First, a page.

Validation of near infrared fluorescence (NIRF) probes in vivo with dual laser NIRF endoscope

Manisha Shrivastav, Elias Gounaris*, Mohammad W. Khan, Jeffrey Ko, Stacy H. Ryu, Matthew Bogyo, Andrew Larson, Terrence A. Barret, David J. Bentrem

*Corresponding author for this work

Research output: Contribution to journalArticlepeer-review

7 Scopus citations


Purpose The development of NIRF cathepsin activity probes offered the ability to visualize tumor associated tumor reaction and act as a surrogate marker to delineate the dysplastic lesions. One major type is a NIRF substrate of cathepsins (SBP), which is involved in catalytic way to produce high levels of fluorescence emission. The other major type (ABP) reacts with active cathepsins in stoichiometric manner since they bind covalently with their active center. Little is known about the sensitivity and the specificity of the NIRF probes to detect autochthonous developed dysplastic lesions. Dual laser NIRF endoscope provides a good tool to determine the efficiency of various NIRF probes in vivo in the same lesions. Experimental design In the current study, we validated both types of NIRF probes by using the dual laser NIRF endoscope to detect lesions colon cancer mouse model (TS4Cre/cAPC +/lox). Results The dual laser NIRF endoscope is emitting equal power with both lasers. It can detect with the same efficiency in 680 mode, as well as, 750 mode when NIFR probes of the same scaffold in vivo. When SBP and ABP were used, our results showed both probes are efficient enough to detect large polyps but small dysplastic lesions could not efficiently imaged with the ABP. Conclusions The dual laser NIRF endoscope is a powerful tool to validate probes. The probes that react catalytically with the active center of cathepsins are more efficient than the ones that react stoichiometrically in detecting small lesions.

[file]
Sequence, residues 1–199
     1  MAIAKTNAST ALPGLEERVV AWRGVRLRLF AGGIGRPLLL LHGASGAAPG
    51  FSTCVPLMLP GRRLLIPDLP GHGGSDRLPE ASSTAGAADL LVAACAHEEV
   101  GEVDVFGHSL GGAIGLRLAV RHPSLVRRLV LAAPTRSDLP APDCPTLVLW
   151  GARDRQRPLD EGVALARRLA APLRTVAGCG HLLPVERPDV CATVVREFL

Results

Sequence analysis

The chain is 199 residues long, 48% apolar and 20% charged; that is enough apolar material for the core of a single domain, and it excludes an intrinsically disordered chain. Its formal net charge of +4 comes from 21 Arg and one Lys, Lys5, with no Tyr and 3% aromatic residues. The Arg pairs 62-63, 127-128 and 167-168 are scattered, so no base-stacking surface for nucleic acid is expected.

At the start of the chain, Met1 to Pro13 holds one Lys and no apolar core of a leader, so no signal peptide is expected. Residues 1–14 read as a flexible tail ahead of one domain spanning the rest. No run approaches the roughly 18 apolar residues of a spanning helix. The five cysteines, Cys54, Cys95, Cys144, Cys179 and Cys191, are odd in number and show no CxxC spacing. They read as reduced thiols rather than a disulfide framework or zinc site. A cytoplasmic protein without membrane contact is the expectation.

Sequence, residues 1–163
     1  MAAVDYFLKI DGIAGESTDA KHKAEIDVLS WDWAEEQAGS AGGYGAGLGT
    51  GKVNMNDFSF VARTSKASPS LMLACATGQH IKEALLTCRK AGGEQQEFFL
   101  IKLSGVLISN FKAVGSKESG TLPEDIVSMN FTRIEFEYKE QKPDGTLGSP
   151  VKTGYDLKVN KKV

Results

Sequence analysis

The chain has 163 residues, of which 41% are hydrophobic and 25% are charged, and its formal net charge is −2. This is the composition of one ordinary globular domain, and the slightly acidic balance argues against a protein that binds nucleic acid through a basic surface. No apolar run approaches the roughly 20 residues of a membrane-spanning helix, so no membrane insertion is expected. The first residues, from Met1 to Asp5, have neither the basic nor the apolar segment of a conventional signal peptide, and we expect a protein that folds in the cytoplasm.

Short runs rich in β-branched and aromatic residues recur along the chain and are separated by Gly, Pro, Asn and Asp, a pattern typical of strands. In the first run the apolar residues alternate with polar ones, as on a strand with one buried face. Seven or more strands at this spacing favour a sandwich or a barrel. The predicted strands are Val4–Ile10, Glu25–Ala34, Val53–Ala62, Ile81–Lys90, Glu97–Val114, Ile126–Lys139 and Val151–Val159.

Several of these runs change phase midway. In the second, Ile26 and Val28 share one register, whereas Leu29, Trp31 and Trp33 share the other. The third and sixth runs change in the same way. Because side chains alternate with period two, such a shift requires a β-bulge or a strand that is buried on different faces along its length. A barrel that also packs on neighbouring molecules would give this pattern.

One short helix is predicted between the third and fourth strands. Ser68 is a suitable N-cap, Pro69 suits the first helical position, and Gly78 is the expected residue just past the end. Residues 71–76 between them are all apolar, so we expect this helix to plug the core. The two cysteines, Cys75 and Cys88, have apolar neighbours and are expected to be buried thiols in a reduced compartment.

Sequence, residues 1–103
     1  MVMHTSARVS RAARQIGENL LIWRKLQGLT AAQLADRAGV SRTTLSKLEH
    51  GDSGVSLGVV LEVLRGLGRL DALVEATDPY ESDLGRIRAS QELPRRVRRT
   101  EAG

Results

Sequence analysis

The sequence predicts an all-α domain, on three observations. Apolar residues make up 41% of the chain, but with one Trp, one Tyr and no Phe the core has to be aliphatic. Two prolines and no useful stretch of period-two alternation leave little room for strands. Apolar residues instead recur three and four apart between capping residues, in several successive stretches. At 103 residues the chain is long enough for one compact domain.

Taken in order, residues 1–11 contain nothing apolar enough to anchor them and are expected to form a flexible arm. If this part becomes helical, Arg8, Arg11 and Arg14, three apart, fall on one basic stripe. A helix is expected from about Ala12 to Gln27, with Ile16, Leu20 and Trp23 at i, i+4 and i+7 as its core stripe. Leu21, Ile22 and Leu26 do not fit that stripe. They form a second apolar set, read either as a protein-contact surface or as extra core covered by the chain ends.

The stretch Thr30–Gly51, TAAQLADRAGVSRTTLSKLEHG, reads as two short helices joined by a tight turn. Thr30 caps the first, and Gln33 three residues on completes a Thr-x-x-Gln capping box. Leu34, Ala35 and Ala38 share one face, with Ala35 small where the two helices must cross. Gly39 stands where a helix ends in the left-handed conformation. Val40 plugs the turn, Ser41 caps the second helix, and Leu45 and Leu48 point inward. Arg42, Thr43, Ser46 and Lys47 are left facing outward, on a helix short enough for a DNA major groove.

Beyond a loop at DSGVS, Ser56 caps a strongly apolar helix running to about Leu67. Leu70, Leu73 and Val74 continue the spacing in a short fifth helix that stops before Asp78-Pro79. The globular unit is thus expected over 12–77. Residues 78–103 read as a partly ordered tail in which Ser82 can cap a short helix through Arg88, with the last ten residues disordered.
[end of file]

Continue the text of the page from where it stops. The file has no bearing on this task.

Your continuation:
Original languageEnglish (US)
Article numbere0206568
JournalPloS one
Issue number11
StatePublished - Nov 2018

ASJC Scopus subject areas

  • General


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